Our Oyster 56′, an ocean cruising yacht did us proud while crossing the Atlantic Ocean. We might have bent a stanchion, ripped a sail and damaged a few other cosmetic things but overall the yacht was wonderful (and fast)!
Atlantic crossing day 15 – We broke 200 miles in 24 hours.
Only four more days to go! Woo woo. I woke with an unblocked ear. Unfortunately, as soon as I lifted my body up it blocked again. That aside I felt like I could move about without getting sick. The Scopamine patch must be having a positive effect.
At 5:30 am Sienna was in the cockpit watching a movie with Simon. Simon was on watch. Normally Sienna is not up that early – every few days we’ve had to put our clocks back. St Lucia is 5 hours behind the time it is in Gran Canaria (Note: later we discovered it was only 4 hours behind).
It’s been fun trying to determine when to change our clocks
We’ve based our decision on when it gets dark and boy does it get dark quickly. The sunsets and before you know it the sky is pitch black. Apparently dusk doesn’t last long when you’re close to the equator.
That aside let me tell you about our disaster of the day.
Thankfully it wasn’t something that happened to our ocean cruising yacht but it could have been. We attempted to get the gennaker up despite the fact that the last furling went unwell.
As we made a human chain to guide the sail up the lower furling unit (attached to the sail) came loose, went flying out of our hands and the wind took it out to sea. Imagine a sail attached to the top of the mast but nothing holding it to the boat.
What’s worse is that at the bottom loose end there was a big metal furling unit – essentially a large heavy metal box. The unattached slightly furled sail became a wrecking ball as it flew back and forth around and in front of the bow.
I yelled out for everyone to protect himself or herself.
After a few flights, Kenny grabbed the rope trailing from the sail only to have it pull right back out of his hands. Like an angry monster, the sail was twisting and fling its heaviest point all over. Eventually, a dangling rope was retrieved and tied to the boat.
Within seconds the sail dropped into the sea and went under the boat.
Then came a ‘bing, rip, rip, rip, rip, woosh’
The sail ripped apart and was lodged under the forward part of the boat. We secured as much sail as we could, furled in the genoa and turned the boat to relieve the pressure of the sail under the boat.
Within a few minutes, we retrieved everything. What a nightmare. Thankfully no one got hurt and the furling unit didn’t bang into (and hole) the boat. Or worse, take someone’s head off.
Murray escaped with the worst of the bruises.
So there goes our gennaker. I don’t want to know what the replacement cost of that one is…In fact, I don’t want to think about the gennaker or what could have happened right now. Aside from that entertainment, we were hit by one squall – lots of rain but no heavy winds.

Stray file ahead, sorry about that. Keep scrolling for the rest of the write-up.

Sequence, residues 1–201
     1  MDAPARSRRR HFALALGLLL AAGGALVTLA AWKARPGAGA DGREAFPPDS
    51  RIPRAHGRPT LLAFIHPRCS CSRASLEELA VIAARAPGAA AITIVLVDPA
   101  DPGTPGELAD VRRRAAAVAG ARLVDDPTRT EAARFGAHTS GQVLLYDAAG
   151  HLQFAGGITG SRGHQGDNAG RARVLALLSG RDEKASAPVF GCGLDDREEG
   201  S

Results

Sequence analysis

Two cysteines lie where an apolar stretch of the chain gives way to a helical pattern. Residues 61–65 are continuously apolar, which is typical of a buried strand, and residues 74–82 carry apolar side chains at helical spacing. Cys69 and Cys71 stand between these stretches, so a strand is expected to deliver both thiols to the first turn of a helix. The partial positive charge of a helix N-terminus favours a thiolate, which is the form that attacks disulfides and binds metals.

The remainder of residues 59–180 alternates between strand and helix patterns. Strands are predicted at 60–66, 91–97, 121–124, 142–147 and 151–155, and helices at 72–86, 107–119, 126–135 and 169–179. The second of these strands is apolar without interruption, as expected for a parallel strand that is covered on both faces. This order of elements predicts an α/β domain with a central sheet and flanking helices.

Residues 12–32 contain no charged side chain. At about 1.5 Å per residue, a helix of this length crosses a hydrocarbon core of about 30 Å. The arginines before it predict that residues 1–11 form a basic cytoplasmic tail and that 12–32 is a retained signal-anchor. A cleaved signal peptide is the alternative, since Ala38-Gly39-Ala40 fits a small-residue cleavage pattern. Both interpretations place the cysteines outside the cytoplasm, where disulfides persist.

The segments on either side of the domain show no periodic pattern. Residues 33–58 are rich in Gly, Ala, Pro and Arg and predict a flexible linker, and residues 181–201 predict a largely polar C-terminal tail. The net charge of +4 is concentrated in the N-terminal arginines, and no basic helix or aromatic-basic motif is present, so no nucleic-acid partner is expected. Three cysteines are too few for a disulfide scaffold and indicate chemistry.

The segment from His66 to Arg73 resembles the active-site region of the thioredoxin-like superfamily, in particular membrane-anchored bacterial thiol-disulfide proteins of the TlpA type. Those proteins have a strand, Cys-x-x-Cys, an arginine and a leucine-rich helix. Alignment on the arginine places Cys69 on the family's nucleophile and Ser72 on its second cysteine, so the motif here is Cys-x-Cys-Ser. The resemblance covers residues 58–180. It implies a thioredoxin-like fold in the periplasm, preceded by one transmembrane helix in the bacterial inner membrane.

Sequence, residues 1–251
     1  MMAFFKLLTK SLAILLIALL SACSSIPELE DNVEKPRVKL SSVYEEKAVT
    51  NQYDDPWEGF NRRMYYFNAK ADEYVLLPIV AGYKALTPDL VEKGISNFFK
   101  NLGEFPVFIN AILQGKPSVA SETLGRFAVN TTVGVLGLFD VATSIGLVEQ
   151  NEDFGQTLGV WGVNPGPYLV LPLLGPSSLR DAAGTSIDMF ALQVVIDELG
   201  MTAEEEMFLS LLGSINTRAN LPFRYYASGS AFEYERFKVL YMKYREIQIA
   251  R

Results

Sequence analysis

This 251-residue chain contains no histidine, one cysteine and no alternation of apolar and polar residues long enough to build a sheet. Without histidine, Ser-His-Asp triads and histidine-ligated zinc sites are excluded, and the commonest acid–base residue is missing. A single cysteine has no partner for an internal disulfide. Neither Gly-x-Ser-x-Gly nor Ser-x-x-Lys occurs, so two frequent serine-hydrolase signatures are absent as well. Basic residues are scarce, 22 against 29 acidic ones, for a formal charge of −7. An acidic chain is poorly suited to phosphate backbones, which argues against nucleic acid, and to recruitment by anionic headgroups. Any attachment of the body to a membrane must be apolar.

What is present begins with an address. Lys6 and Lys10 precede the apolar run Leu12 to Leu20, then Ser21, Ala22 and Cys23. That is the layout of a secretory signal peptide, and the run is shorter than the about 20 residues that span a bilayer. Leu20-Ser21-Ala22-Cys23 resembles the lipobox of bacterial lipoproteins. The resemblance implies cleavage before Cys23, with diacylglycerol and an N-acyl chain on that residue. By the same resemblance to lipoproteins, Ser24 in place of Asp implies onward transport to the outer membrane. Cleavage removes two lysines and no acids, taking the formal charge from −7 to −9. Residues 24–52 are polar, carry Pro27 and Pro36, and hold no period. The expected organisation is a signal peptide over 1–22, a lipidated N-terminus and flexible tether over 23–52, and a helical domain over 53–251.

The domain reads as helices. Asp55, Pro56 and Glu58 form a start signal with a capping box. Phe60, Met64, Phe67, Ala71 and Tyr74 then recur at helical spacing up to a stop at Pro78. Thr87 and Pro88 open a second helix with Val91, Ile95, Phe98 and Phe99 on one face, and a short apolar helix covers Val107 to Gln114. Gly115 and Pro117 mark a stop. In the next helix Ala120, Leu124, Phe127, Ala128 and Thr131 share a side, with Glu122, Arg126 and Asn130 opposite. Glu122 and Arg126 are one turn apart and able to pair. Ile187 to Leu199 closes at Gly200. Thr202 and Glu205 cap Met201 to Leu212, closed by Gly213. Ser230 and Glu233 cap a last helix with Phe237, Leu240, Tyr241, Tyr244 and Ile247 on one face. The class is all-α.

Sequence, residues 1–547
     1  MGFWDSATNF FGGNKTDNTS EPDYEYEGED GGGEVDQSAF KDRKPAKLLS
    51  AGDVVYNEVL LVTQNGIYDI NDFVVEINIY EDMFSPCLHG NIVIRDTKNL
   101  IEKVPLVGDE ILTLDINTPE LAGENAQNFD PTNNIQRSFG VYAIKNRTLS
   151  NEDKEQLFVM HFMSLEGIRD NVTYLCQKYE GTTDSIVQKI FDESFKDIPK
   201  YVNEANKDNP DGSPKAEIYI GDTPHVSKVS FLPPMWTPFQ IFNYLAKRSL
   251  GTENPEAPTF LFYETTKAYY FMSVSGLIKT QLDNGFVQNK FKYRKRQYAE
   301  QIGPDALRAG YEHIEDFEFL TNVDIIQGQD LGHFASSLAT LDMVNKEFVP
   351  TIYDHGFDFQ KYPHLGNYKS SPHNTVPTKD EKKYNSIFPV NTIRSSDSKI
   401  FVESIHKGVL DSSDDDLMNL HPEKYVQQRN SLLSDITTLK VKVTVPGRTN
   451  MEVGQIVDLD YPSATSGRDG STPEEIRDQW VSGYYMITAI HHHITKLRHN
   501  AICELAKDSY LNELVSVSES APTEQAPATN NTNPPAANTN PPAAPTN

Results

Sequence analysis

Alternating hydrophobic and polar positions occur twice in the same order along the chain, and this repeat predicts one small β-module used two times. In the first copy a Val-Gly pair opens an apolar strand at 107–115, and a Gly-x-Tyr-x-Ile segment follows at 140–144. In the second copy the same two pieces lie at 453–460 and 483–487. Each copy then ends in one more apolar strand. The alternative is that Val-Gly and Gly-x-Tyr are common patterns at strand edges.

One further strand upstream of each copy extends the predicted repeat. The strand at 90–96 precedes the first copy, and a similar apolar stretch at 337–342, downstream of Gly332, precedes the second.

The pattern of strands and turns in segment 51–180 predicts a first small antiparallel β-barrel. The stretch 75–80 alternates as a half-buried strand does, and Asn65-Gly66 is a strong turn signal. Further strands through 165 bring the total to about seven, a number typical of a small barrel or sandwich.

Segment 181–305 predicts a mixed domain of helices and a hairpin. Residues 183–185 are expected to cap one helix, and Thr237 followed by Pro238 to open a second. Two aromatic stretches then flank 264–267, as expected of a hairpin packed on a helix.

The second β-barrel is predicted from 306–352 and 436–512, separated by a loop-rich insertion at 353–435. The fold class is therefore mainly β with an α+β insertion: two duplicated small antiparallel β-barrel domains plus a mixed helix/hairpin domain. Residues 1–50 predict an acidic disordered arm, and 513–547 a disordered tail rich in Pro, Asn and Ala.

Simon stood to watch while we all controlled the music in the cockpit for him.
To make him really suffer Kenny and Murray piped country music up for him. Simon, a non-lover of country music, was not impressed.
For lunch, Andrew used the last of the tuna in a tomato, garlic and peppers sauce. Lunch was followed by canned fruit and it tasted great. All but our potatoes and onions are gone regarding our fresh fruit/veg.
Everyone said I did a good job on the provisioning. We still have loads of food. And after the mishap for the day we still have a fully intact ocean cruising yacht,
Right now we’re flying along at 9 knots with the genoa and staysail out.
Eve is napping on the adjacent cockpit bench and most of the others are taking a nap. Perhaps I will start doing my night watches again tonight?!
It’s my turn for dinner so I pulled out cabbage and sausage stew. I’m actually getting tired of eating. I never thought I’d say that but I am. It might be from the heat – it’s getting hotter. We’re on the 50 degrees line west and 15 degrees north line so we’re almost due east of St Lucia.
I’m feeling much better now so life doesn’t seem so bleak.
I’m okay with still being at sea. I am a bit tired of the ceaseless rocking motion during sleep time and I’m annoyed that I can’t play with Sienna more. Otherwise, I’m okay. There are enough people around for entertainment and frankly, I actually do love to simply sit in the cockpit and watch the sea dance. I really love the feeling of being high on the crest of a swell looking back down the navy blue and white frothed slope and then gently easing into the valley. And then repeating over and over… Every so often we catch the swell at an angle and the boat slides over to its side quite harshly. I feel these swells are here to keep us awake!
What’s Next in our Ocean Passage sailing guide?
- In the next article, I explain how we created a design your own hat contest, I had a fright with the moon, and I start getting sentimental. Check out Sailing Over Atlantic.
- In the previous article, day 14 in our ocean passage, I was really ill but despite feeling terrible I still found ways to love the voyage. And our 5-year-old daughter. How was she doing? Read on – Ocean Passage.
- Click here for a general overview of our Atlantic Crossing